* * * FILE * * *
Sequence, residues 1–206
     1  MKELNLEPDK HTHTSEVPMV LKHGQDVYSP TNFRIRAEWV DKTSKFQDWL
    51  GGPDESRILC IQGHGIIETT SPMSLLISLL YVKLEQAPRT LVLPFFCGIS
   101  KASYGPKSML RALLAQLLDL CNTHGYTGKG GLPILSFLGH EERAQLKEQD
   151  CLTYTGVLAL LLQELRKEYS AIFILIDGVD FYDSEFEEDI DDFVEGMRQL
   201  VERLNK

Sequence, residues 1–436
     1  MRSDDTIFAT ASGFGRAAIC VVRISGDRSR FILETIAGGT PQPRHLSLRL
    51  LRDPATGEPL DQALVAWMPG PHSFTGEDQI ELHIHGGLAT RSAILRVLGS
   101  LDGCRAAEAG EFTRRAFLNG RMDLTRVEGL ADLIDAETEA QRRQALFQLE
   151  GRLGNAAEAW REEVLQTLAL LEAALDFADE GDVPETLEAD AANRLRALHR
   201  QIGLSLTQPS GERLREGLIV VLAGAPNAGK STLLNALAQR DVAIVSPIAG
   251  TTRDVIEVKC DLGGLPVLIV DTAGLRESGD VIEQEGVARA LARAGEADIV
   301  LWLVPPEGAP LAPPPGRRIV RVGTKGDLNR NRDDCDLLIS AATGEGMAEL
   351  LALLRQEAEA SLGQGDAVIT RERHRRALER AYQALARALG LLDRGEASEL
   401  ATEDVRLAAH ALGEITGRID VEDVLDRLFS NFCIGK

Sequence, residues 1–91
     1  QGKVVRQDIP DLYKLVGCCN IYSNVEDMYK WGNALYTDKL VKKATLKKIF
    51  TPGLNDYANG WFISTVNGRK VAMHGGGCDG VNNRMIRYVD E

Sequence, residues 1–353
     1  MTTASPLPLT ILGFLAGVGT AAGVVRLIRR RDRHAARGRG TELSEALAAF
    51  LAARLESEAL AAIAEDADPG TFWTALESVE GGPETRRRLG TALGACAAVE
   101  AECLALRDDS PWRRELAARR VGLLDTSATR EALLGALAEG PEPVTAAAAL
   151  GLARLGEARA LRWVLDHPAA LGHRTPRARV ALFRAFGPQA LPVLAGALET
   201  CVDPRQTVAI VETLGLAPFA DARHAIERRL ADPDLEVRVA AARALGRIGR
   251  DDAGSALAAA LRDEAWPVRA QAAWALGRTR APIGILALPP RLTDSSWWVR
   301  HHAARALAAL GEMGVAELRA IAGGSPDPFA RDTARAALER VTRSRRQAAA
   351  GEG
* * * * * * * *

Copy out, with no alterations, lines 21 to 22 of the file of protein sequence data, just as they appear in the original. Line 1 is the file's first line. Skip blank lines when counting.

     1  MTTASPLPLT ILGFLAGVGT AAGVVRLIRR RDRHAARGRG TELSEALAAF
    51  LAARLESEAL AAIAEDADPG TFWTALESVE GGPETRRRLG TALGACAAVE